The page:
Netflix’s march to worldwide domination is tramping along.
The streaming video service hit 125 million members in its first quarter, the company said in a better-than-expected earnings release Monday.
The blowout quarter comes at a time of heightened annoyance at Netflix among some in the traditional filmmaking industry. Last month, Steven Spielberg said movies that have mere “token” theatrical runs — as those from Netflix do — shouldn’t be in the running for Oscars. Also last month, the board of the prestigious Cannes film festival , prompting the company to pull out of screening anything at the festival at all.
French rules to compete in Cannes would have meant that Netflix’s films couldn’t be streamed for three years after their release, and the company “would never want to do that to our French members,” according to a letter to shareholders Monday.
Meanwhile in the television world, Netflix buried the hatchet with a longtime enemy. Last week, Netflix subscriptions in more of its cable packages, opening up a way for Netflix to connect with hard-to-reach potential new members. The two waged a public battle against each other in 2014 over net neutrality.to include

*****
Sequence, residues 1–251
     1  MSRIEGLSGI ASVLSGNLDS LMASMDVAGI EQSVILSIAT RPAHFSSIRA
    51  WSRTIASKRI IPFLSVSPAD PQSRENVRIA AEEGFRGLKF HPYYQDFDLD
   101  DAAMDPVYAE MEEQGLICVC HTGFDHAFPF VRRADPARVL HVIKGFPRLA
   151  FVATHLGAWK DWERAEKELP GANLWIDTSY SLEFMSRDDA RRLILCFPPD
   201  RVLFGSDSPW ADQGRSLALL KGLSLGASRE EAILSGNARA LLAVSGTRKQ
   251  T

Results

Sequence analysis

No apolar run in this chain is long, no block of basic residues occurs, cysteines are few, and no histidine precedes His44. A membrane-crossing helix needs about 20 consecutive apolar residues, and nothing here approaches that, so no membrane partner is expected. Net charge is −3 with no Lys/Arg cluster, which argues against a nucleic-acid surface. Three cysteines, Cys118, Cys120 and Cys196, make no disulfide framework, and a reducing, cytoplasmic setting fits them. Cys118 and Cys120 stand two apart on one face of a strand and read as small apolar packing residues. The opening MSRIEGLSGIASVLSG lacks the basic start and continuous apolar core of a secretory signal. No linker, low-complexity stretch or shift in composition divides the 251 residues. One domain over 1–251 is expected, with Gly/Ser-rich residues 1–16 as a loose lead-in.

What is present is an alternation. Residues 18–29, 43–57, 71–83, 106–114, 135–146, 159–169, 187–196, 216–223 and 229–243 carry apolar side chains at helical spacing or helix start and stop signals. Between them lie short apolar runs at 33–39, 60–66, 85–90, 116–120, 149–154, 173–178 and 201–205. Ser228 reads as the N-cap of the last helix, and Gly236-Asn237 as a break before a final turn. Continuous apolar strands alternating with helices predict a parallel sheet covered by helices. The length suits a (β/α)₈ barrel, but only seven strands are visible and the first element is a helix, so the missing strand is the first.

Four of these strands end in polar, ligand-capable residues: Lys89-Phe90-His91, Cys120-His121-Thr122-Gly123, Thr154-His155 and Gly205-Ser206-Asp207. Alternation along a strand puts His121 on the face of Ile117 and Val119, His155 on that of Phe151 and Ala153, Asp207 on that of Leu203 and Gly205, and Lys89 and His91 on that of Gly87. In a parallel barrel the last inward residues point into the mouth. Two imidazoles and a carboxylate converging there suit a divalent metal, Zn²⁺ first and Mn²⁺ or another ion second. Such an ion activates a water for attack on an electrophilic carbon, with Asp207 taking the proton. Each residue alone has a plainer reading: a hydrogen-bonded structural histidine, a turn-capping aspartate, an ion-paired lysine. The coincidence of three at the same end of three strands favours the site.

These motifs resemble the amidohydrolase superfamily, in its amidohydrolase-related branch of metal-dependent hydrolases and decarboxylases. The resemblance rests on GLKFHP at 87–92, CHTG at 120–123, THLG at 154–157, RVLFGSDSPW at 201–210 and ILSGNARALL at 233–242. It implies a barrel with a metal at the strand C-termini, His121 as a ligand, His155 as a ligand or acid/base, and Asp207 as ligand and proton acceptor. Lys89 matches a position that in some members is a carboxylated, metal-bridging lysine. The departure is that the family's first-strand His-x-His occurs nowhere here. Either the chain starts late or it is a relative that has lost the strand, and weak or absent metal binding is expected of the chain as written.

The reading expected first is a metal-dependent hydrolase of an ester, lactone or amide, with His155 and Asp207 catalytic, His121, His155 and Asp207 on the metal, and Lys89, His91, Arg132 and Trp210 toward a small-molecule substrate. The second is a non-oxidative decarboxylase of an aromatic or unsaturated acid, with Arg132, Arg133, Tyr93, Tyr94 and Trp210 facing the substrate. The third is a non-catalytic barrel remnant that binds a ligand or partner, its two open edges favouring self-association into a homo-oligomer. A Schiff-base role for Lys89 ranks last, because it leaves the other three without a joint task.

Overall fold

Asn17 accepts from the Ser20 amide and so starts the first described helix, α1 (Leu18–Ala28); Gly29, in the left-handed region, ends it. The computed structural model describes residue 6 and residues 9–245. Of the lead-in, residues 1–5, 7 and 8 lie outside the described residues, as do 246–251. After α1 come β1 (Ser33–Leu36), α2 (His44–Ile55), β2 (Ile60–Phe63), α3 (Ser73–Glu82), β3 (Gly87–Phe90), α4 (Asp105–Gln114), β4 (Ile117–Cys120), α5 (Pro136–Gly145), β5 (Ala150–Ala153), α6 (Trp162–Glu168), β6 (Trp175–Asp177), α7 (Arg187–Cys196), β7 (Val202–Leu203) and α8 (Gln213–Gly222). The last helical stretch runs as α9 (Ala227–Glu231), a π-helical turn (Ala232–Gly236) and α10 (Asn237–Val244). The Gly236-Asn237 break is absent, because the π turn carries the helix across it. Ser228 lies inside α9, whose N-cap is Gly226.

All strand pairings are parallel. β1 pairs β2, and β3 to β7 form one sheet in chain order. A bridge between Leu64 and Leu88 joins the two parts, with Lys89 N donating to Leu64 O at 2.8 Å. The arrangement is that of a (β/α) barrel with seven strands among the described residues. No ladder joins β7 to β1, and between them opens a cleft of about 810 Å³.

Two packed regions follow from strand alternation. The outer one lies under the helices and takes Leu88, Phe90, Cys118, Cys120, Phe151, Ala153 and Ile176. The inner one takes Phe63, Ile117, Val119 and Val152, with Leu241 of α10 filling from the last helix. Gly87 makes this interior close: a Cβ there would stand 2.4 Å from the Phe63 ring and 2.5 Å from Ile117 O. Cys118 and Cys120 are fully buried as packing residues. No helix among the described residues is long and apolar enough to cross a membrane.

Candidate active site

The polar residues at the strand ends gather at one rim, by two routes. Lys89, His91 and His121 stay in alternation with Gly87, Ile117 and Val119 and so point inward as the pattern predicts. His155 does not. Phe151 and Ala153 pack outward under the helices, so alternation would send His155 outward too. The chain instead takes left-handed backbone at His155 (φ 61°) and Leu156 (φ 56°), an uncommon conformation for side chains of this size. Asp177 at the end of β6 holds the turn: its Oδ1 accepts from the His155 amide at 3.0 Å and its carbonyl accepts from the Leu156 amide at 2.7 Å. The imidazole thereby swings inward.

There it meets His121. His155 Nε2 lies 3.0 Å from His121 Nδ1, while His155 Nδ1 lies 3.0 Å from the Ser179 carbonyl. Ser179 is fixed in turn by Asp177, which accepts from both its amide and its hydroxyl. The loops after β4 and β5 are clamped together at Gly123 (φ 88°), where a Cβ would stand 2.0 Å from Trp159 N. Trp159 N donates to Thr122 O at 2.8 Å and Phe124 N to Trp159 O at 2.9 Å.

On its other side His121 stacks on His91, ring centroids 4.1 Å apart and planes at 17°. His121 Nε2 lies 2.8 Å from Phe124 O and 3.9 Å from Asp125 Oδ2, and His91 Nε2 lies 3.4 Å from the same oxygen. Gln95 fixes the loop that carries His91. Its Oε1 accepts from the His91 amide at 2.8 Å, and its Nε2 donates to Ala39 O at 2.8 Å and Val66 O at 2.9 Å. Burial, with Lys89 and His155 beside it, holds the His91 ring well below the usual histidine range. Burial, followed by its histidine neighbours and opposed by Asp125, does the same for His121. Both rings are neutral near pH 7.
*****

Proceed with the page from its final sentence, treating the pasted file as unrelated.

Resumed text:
Netflix said Monday these deals benefit it with “more reach, awareness and often, less friction in the signup and payment process.” The fact that Netflix earns less money from a bundled subscriber is offset by the fact that bundled members don’t cancel as much.
The company said its international subscriber base increased by 5.5 million members to 68.3 million, better than the 4.9 million additions the company predicted. In the US, Netflix added 2 million streaming customers, for a total of 56.7 million, beating its 1.5 million guidance.
Looking ahead, Netflix expects to add 1.2 million streaming members in the US and 5 million internationally in the current quarter. Netflix predicted 79 cents per share in earnings. On average, Wall Street analysts who track Netflix expected 98 cents.
Overall, Netflix reported a profit of $290 million, or 64 cents a share, compared with $178 million, or 40 cents a share, a year earlier. Revenue climbed 40 percent to $3.701 billion.
Analysts on average expected per-share profit of 64 cents — compared with Netflix’s guidance for 63 cents — and $3.69 billion in revenue.
Shares were up 6.4 percent at $327.47 after hours.
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